Committee recommends suspension for violators of freshman Greek ban

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A University committee has recommended to President Tilghman that students who violate the ban on freshman affiliation with fraternities or sororities face a penalty of suspension.
 
The prohibition takes effect this fall. In approving the ban last summer, Tilghman created a committee to make recommendations on enforcement and penalties that would be “effective in encouraging full compliance with the policy.”
 
That committee, headed by Kathleen Deignan, the dean of undergraduate students, issued its report March 25. The group said that it regarded University policy, “which is to discourage all students from joining sororities and fraternities at any time during their college careers,” as an “institutional value judgment” that was not open to question. The committee acknowledged that some members of the University community disagree with that policy.
 
The report included these points: 
  • Freshmen would be prohibited from affiliating with a Greek organization or “participating in any activity sponsored by a fraternity or sorority” from the receipt of an offer of admission through the end of spring-term exams of freshman year.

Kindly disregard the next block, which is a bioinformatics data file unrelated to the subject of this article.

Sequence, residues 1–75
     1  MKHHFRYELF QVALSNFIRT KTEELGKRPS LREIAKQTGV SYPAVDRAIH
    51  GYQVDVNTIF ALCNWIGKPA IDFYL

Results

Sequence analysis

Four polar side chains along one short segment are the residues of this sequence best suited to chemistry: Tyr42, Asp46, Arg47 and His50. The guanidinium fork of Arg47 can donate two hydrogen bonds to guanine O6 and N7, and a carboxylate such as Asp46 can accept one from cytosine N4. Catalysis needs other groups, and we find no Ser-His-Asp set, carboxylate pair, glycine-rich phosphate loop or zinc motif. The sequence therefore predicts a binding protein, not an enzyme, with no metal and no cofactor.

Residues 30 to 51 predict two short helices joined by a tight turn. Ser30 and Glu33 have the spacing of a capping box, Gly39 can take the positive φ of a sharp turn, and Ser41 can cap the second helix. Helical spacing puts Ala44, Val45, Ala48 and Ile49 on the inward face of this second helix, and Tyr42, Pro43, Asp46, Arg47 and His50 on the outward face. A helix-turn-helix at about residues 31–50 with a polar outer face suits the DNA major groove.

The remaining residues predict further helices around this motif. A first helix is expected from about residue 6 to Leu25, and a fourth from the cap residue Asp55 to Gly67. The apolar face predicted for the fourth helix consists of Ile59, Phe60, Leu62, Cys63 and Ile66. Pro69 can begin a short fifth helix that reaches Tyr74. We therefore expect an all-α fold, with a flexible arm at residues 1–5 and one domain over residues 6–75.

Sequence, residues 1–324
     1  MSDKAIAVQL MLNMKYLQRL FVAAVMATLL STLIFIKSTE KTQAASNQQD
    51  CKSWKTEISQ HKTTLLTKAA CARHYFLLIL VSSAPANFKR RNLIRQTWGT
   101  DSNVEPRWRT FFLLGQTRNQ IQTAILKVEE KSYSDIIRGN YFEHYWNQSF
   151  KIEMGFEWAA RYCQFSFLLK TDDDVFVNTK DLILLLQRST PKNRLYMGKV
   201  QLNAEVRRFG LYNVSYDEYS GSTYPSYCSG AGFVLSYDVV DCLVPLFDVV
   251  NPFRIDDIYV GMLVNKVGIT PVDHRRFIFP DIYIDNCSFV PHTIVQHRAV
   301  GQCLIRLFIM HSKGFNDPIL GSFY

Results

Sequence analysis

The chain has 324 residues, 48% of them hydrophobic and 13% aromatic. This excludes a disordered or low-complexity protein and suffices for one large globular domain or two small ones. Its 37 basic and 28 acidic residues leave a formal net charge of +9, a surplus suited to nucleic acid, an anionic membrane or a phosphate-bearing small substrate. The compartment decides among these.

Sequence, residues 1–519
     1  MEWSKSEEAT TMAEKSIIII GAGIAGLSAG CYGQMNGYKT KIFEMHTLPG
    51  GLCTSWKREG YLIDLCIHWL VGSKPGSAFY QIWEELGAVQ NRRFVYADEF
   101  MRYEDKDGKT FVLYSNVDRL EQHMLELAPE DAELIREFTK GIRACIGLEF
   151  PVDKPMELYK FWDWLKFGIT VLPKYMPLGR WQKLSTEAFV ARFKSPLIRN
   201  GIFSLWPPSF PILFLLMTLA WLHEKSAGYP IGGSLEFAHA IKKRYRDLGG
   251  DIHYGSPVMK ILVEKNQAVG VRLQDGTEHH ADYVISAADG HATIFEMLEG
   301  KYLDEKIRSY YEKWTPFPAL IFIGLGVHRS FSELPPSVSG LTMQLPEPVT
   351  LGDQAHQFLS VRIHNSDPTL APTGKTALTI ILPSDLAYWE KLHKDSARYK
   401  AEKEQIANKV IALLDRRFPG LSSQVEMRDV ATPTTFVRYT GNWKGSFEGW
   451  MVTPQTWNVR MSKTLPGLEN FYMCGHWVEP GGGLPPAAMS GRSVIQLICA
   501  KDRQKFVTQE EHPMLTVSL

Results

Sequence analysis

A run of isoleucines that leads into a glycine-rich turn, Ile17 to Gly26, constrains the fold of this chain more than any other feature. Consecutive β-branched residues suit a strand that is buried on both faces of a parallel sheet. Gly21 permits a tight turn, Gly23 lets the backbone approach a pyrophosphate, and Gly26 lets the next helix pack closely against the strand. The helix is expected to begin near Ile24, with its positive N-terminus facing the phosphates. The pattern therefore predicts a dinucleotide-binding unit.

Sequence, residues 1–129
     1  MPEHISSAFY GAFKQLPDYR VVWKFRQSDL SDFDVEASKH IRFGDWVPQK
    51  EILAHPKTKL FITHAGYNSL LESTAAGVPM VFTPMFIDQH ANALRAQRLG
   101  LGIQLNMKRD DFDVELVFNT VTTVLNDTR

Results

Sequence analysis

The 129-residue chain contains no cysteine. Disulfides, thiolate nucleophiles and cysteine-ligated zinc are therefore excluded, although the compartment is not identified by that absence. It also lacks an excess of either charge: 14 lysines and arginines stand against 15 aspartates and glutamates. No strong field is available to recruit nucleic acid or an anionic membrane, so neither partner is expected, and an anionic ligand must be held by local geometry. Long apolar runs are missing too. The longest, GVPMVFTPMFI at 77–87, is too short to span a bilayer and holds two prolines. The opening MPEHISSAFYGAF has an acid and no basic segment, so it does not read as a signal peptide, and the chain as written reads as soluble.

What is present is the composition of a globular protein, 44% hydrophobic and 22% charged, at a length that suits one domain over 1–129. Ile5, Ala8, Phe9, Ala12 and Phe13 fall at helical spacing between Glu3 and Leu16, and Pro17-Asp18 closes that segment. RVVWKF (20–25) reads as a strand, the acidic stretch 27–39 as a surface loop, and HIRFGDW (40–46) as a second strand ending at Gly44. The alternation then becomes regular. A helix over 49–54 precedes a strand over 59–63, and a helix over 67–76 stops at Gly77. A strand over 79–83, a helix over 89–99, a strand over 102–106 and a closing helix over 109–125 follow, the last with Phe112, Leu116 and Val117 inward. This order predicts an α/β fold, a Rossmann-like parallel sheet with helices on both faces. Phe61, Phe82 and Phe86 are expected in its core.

• Students would be prohibited from soliciting the participation of any freshman in a Greek organization, including inviting or organizing a  sponsored event to which freshmen are invited.
  • Soliciting freshman participation in fraternities or sororities should result in suspension.
  • A freshman who joins, pledges, or rushes should expect to be suspended. A freshman who takes part in any other Greek-sponsored activity may be subject to disciplinary probation.
  • An organization cannot evade the policy by dropping its Greek letters or its national affiliation.
  • Recognized student organizations should be exempt from the policy. The policy also should exempt the eating clubs.
  • Casual conversations about fraternities and sororities should not be prohibited.
 

The report raised the possibility of tougher sanctions against the Greek organizations if students seek to undercut the freshman ban. Recounting Tilghman’s presence at a committee meeting in December, the report said that “she suggested that in the future, violations of the prohibition on freshman affiliation can be expected to further reduce the University’s tolerance of sophomore, junior, and senior affiliation.
 
“In other words, we recognized that sororities and fraternities will have the best chance of avoiding an outright ban by achieving full compliance with this policy,” the report added.
 
Members of the campus community can comment on the recommendations through April 6 at the following website: http://www.princeton.edu/campuslife/freshmen-rush-policy/. An open student forum on the report will be held April 2, and meetings also are planned with leaders of fraternities and sororities and of other student groups.
 
Tilghman is expected to make a final decision on the committee’s recommendations later this spring.